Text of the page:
Fragile state of China's financial system


SERIOUS MONEY:Winston Churchill addressed the British public in a radio broadcast during the autumn of 1939, and declared that Russia “is a riddle, wrapped in a mystery, inside an enigma”. The statesman’s words could well be applied to China today, where years of impressive economic performance have lifted millions out of poverty, and seen the economy become the world’s second-largest – after the US.

However, this rapid development has been fuelled by a fragile banking system that has teetered on the brink following every “great leap forward” in the post-Mao reform period. Indeed, problem loans are virtually certain to surge in the aftermath of the latest lending binge, which started in 2009, and the adverse economic impact could resonate for years.

To appreciate the fragile structure that underpinned China’s rapid growth over the past three decades, it’s important to understand major developments in the banking sector, which effectively is the country’s financial system.

The so-called “Big Four” – the Industrial and Commercial Bank of China (ICBC), the China Construction Bank (CCB), the Bank of China (BOC) and the Agricultural Bank of China (ABC) – still account for 45 per cent of total financial assets, close to 60 per cent of all household deposits, and roughly 50 per cent of the total equity capital in the financial system.

Following the foundation of the People’s Republic of China in 1949, the country’s capitalist network of commercial banks was closed down, and replaced by the state-owned People’s Bank of China (PBOC), which functioned as both a central bank and the nation’s primary commercial bank. The PBOC served as the government’s “lending arm” and disbursed funds to state-owned enterprises according to government fiat.

Reforms orchestrated by vice-premier Deng Xiaoping in 1979 brought an end to the PBOC’s monopoly power, as its commercial banking functions were gradually removed through the creation of spin-off entities that would become known as the Big Four.

The Big Four served as policy-lending “conduits” for governments during the first reform period, where lending decisions were dictated by local government officials. Not surprisingly, an ill-advised credit expansion followed, and a surge in inflation to close to 20 per cent resulted in near civil war in 1989.

Loan growth reaccelerated in the early 1990s, and deterioration in the banks’ asset quality led to the second stage of reforms in 1994. Three policy banks were established to assume the policy-lending activities of the Big Four, and bank management was obliged to adopt asset liability management techniques.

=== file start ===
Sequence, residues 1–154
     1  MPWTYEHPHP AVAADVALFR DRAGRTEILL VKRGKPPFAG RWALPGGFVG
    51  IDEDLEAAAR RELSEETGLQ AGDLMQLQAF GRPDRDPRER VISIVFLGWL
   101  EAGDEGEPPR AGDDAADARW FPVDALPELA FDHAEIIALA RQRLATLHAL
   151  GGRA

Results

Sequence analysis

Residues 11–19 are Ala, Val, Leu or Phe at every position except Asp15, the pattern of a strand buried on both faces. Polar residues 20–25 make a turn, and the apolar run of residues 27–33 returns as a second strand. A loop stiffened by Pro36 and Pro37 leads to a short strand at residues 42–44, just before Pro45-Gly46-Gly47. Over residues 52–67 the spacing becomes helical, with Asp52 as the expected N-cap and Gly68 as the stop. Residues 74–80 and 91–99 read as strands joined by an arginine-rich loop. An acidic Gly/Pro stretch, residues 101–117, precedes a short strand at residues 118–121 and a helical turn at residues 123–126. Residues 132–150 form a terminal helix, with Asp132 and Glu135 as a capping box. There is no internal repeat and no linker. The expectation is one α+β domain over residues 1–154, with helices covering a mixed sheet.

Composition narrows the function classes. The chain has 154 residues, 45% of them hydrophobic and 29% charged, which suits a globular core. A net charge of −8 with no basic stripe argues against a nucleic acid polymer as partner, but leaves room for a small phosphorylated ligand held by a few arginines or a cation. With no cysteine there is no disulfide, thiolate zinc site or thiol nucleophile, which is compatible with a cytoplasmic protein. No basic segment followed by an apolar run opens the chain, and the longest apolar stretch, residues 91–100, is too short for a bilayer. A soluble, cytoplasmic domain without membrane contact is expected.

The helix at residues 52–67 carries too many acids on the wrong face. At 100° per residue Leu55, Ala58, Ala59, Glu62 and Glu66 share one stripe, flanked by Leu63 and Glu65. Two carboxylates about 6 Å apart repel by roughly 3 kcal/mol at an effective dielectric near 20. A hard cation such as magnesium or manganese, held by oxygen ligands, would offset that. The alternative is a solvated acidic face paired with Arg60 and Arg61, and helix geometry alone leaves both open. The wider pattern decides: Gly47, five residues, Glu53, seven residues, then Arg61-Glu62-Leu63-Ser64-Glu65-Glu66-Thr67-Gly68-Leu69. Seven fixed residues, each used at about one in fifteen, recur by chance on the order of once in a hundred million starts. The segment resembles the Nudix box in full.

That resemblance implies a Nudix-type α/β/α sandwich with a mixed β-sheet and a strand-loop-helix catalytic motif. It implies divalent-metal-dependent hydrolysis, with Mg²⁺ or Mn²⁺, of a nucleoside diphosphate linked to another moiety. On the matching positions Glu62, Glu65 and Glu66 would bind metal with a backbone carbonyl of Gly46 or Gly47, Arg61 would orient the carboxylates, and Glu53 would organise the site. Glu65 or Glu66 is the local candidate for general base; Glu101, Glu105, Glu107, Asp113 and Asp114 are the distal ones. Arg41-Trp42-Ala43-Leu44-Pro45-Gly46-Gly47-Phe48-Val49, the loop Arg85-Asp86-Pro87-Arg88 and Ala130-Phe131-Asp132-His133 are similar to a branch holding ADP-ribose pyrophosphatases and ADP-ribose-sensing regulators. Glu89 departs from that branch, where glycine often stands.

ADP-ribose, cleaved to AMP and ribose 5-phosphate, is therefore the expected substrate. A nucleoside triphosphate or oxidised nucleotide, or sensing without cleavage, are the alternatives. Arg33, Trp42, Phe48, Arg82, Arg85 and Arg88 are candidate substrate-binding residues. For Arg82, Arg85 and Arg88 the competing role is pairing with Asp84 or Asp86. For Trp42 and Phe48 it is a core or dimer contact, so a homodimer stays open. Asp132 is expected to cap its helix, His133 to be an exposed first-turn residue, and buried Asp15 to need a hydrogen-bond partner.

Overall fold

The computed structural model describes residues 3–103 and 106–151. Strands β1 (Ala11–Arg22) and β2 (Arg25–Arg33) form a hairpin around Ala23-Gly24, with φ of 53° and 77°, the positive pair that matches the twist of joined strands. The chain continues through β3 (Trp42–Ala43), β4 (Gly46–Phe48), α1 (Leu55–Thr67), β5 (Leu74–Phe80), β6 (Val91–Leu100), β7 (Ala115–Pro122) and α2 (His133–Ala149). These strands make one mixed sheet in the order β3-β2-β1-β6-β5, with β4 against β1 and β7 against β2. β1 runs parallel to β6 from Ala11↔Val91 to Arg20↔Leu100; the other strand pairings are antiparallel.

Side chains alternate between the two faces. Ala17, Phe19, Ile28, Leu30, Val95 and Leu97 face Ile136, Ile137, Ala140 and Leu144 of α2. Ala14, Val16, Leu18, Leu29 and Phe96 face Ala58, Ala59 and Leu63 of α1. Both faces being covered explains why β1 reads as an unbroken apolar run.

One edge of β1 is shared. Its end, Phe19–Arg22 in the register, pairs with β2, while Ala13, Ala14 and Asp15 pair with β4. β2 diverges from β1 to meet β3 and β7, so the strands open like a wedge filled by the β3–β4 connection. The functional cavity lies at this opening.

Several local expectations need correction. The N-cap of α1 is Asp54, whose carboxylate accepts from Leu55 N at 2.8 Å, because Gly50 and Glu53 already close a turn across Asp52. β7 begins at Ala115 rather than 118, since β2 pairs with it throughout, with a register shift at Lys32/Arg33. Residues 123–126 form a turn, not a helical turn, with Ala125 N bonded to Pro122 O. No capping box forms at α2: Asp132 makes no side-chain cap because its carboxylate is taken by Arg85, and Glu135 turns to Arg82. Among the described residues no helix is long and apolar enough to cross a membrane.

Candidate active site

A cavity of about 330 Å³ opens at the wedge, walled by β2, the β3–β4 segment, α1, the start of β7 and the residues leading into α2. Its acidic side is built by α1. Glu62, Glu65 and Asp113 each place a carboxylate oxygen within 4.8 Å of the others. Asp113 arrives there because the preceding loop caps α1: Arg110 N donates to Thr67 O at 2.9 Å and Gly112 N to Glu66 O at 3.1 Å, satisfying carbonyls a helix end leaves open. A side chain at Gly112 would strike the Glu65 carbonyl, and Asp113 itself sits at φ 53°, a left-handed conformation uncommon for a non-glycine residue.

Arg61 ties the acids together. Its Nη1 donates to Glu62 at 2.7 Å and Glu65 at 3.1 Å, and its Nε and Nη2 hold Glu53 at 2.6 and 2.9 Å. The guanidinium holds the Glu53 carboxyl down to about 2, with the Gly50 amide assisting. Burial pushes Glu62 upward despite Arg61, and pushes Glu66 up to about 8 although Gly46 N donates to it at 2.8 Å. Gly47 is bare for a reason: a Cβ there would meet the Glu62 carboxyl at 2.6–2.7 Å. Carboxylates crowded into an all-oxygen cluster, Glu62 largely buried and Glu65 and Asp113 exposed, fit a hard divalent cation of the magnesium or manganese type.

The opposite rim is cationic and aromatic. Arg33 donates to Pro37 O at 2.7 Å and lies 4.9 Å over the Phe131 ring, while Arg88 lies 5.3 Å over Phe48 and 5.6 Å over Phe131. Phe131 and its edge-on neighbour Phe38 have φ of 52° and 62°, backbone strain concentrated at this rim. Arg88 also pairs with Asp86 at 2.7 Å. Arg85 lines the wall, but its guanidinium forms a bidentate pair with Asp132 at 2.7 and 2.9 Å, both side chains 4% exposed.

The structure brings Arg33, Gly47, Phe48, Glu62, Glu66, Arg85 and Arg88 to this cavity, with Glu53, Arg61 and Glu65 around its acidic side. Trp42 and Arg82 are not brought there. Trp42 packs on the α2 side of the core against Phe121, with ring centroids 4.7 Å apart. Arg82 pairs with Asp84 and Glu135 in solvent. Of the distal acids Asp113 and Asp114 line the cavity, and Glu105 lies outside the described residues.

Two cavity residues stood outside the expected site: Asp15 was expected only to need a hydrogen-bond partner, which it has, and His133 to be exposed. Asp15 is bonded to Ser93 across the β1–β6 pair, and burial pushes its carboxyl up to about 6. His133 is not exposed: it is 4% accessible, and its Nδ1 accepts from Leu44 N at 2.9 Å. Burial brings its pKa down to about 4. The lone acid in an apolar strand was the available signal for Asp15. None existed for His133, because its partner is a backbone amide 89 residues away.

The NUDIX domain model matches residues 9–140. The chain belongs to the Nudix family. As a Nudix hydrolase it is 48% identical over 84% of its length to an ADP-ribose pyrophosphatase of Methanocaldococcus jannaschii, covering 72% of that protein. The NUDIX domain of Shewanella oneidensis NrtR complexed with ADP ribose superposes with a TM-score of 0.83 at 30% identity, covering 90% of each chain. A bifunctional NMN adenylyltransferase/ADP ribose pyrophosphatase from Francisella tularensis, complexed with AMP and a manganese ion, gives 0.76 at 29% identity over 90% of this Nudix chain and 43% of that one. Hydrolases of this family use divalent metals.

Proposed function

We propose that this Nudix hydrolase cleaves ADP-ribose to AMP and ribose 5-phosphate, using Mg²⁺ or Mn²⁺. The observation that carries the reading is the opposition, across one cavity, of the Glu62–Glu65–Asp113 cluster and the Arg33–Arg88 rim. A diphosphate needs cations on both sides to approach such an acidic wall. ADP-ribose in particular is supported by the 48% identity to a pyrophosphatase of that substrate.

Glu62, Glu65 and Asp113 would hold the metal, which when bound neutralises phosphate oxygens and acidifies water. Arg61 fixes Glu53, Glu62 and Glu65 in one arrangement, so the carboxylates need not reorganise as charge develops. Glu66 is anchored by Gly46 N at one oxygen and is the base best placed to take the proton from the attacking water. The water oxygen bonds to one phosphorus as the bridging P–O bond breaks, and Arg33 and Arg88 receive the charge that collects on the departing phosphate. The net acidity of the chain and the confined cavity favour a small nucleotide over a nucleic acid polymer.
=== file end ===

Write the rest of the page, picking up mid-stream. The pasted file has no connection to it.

The Asian financial crisis in 1997 forced China’s policymakers to belatedly address the issue of problem loans, which had reached alarming levels. The Big Four banks received a capital injection of $33 billion in 1998, and four asset management companies were established the following year to accommodate the transfer of $169 billion worth of non-performing loans – an amount equivalent to 18 per cent of gross domestic product.

The balance sheet clean-up continued, as the Big Four were prepared for partial privatisation. The reforms appeared to put the banking system on a sounder commercial footing. They didn’t, as Chinese policymakers’ response to the “global financial crisis” undermined the sector’s commercial orientation. The banking sector granted $5.4 trillion in loans from the beginning of 2009 to the summer of this year – an amount equivalent to 73 per cent of the country’s GDP – and fears over the banks’ capital adequacy have resulted in the reclassification of $438 billion worth of loans to local government financing platforms.

This is widely believed to be only the tip of the iceberg, as a surge in both “policy” and “relationship” lending in recent years allowed for the funding of uneconomical projects throughout the economy. Slower economic growth is virtually certain to reveal the true extent of the credit losses.

The re-emergence of misguided “policy” lending in response to the financial crisis, means that China’s Big Four banks could well require a further state-backed recapitalisation in the not-too-distant future. The cost will be borne by heroic Chinese households – whose high savings rates fund the banking system. A successful rebalancing of the economy – away from investment and towards consumption – appears unlikely.

Investors should be aware China’s financial system remains extraordinarily fragile, and the potential economic costs are enormous.

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